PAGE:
Standing outside TGI Friday's in downtown Chattanoooga on a busy Friday night, James Johnson of Atlanta knew it was going to take some time before he would be seated.
With two young children in tow, the single dad had more on his mind than dinner.
"They can get a little wild," he said of his 5-year-old twins.
But for every waiting line, there's a hard-working hostess trying to appease the growing appetites, impatient children and adults.
It's a juggling act, said Britney Bledsoe, 23, a hostess at TGI Friday's since 2008. When she notices rambunctious children, she immediately reaches under the hostess stand for kids menus and crayons.
"That way, they can color and not be rowdy," she said.
Candace Davis, marketing and public relations manager at the Chattanooga Convention & Visitors Bureau, said she gets occasional complaints from restaurant patrons saying that their waits at some local restaurants have been too long. "I see that as a good problem, though," she said. "That means people are dining at our establishments."
Olivia Scudder, 21, has been a hostess in area restaurants for several years, starting at Pastaria on Signal Mountain. She's now a hostess at Niko's Southside Grill but said she occasionally works as a server, too.
"I prefer being a hostess," she said. "Serving is really out of my comfort zone."
With years of hosting experience under her belt, she knows how to make guests comfortable. "We don't have waiting lines too often because most people make reservations," she said. "So we know how many we're expecting.
"But when we do, I try to keep things less stressful by telling them they can go to the bar and wait until their table is ready. And if they have children, there are booths in the bar that they can sit in and eat dinner in there."
First impressions mean everything to a restaurant, and that's one reason why hostesses are so important, said Jericho Michel, manager at Terminal Brewhouse on East 14th Street.
"They are the first person our guests have interaction with," he said. "They keep the guest informed about a wait if there is one and how long it will be, as well as keeping the management and kitchen informed about how busy we are."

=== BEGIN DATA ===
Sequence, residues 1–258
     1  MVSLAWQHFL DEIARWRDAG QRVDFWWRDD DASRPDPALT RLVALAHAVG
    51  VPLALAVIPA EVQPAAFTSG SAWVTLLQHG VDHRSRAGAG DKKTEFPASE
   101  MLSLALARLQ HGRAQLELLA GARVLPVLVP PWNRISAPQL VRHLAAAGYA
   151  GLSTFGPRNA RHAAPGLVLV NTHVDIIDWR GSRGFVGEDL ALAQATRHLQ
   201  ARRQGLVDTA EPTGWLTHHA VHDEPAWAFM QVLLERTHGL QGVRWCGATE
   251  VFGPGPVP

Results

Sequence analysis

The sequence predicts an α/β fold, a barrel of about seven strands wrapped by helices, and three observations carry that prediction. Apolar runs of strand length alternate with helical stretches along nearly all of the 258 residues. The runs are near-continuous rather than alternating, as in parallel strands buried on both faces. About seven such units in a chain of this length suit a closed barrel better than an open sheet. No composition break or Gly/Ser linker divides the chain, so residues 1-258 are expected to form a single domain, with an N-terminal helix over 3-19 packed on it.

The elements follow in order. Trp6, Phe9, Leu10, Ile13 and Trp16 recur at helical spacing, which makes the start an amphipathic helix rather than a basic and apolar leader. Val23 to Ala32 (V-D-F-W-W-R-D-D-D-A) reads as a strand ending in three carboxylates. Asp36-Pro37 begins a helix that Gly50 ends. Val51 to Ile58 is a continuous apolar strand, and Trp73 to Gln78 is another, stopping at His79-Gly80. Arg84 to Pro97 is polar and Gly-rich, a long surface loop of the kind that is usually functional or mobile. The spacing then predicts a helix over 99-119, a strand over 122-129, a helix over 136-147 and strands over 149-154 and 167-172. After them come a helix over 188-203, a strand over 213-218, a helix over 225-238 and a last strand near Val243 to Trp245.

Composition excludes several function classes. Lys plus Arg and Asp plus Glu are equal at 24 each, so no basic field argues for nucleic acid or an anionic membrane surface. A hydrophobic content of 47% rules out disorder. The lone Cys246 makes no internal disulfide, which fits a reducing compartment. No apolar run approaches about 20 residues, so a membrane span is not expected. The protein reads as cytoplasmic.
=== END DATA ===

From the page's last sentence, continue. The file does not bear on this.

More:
It's not just any employee who can fill the role of host or hostess, he added. "They must be highly energetic, enjoy moving around and must enjoy people," Michel said.
Katy Carey fits the role perfectly. For the past 11 months, she has met and greeted people, preferring her position as hostess over serving food.
"I get to talk to people," she said. "And a lot of them are tourists. I like to show them the restaurant since it's so historic and tell them about Chattanooga and where to go. I get to learn a little about where they are from, too."
Many tourists bring children along, and Carey has become adept at learning how to help settle them during the wait, providing crayons and coloring pages from the kids menu.
Adult patrons can sometimes get a little unruly, too, sneaking past Carey when they see an open table. "When it happens when we're not busy, it's not a problem. I just walk over to their table, welcome them and tell them their server will be right with them.
"But when we're really busy, and it happens every weekend, I walk over and kindly explain to them that if they were in the other person's shoes waiting for a table, how would they feel? I let them know other people are waiting for that table. Most customers are understanding."
Hosts and hostesses do not receive tips directly from customers, but that doesn't bother Bledsoe too much, she said.
"Servers share their tips with us," she said. "I like being a hostess, and I enjoy meeting people from out of town and out of the country who come to Chattanooga."
Carey said she's OK with it, too. "I get paid by the hour, and every week, I get a certain percentage of sales, too. And it does add up."